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The renin-mediated formation of Angiotensin I from angiotensinogen is a well-characterized enzymatic reaction providing the input for the RAS. The renin reaction is rate-limiting and resulting Angiotensin I is immediately further metabolized to downstream angiotensin metabolites including Angiotensin II, taking over distinct physiologic functions in human physiology. All molecular components of the RAS are present in the plasma compartment, resulting in a continuous flow of angiotensin metabolites throughout the body, originating in the vascular compartment.

Design and Method:

Our laboratory investigated the utilization of equilibrium angiotensin peptide levels for the biochemical characterization of the circulating RAS. We extensively compared the correlation between angiotensin levels obtained using state-of the art sampling procedures and equilibrium analysis, which involves a post-sampling equilibration step of a serum or heparin-plasma sample at 37°C.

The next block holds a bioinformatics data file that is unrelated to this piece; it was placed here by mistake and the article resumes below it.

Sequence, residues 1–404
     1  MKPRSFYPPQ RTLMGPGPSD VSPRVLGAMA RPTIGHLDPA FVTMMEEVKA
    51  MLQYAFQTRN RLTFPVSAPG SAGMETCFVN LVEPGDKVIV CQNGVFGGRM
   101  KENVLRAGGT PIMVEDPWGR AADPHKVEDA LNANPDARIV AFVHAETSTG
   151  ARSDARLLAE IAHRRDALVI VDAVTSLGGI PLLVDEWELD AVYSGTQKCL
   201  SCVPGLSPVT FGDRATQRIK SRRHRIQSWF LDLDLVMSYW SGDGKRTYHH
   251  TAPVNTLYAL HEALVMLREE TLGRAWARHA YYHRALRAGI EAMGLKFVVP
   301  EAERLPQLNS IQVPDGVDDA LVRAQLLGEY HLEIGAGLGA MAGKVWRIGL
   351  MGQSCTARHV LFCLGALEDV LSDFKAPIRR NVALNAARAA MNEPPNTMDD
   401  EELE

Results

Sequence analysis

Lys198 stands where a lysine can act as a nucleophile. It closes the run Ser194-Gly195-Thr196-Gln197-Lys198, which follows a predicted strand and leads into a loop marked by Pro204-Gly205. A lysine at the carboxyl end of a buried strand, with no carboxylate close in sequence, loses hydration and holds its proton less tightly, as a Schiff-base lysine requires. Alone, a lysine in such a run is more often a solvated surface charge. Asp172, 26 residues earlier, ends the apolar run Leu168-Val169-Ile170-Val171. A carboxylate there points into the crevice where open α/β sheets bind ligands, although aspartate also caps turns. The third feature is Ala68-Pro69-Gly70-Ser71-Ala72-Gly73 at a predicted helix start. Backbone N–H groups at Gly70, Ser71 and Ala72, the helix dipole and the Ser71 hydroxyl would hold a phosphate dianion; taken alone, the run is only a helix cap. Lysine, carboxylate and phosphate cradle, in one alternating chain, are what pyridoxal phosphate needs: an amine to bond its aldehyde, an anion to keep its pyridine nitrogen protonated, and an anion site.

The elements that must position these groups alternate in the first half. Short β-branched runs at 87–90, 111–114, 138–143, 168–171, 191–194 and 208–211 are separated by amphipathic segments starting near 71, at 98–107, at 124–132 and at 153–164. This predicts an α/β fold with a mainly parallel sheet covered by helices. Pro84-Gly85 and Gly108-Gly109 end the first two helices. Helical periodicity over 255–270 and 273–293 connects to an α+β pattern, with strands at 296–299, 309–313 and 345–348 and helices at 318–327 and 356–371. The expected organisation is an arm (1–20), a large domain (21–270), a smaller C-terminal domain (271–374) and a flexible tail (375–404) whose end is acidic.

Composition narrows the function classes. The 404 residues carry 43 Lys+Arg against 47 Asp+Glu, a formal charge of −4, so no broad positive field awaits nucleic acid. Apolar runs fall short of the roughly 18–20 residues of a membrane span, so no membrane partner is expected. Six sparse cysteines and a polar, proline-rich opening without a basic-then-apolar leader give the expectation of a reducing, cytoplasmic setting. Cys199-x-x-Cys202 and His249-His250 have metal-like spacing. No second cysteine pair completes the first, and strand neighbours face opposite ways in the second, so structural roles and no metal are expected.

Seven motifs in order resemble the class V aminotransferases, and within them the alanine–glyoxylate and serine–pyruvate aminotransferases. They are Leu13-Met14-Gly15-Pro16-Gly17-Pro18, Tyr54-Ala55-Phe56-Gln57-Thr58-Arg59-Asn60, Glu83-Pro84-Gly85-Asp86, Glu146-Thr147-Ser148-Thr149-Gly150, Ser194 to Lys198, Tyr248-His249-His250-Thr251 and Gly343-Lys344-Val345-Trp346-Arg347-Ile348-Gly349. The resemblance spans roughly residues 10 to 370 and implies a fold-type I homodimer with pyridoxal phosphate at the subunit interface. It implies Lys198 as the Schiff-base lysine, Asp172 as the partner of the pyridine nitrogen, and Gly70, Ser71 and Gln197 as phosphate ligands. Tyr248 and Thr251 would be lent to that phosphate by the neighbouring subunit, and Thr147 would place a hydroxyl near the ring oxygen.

Investigation of healthy volunteers receiving different RAS blockers revealed, that the ratios between metabolically related peptides reflect the activity of the corresponding enzymes. Surprisingly, a strong correlation between equilibrium and stabilized angiotensin levels was observed. The relative differences between stabilized and equilibrium angiotensin levels were peptide specific, with Angiotensin II showing an up to 20-fold increase from “stabilized“ to “equilibrium”, while Angiotensin I changes were limited to a 5-fold increase.


The increase of angiotensin levels during ex vivo equilibration of plasma might be caused by the absence of the tissue as angiotensin acceptor. Given that AT1 receptors have been reported to be effectively internalize bound Angiotensin II, the extraordinary strong increase of Angiotensin II in equilibrium suggests that equilibrium levels could serve as a surrogate for Angiotensin II acting on tissues and might represent a diagnostic tool to characterize RAS at the interface between the circulation and the tissue.

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